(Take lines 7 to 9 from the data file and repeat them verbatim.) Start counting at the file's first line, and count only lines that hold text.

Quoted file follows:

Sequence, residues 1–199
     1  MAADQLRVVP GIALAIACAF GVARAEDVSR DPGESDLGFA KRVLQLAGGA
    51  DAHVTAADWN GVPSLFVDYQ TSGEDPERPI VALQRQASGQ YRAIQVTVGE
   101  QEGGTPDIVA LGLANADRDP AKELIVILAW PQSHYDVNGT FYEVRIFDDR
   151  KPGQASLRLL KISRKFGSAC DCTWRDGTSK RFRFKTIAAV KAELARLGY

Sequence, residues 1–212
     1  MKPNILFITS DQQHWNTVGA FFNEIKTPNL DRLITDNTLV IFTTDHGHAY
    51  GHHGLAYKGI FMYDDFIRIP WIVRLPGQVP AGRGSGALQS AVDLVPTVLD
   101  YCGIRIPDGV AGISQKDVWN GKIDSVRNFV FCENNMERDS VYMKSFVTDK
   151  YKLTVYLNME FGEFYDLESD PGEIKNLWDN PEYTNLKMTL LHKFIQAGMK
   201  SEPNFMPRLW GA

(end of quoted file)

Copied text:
     1  MKPNILFITS DQQHWNTVGA FFNEIKTPNL DRLITDNTLV IFTTDHGHAY
    51  GHHGLAYKGI FMYDDFIRIP WIVRLPGQVP AGRGSGALQS AVDLVPTVLD
   101  YCGIRIPDGV AGISQKDVWN GKIDSVRNFV FCENNMERDS VYMKSFVTDK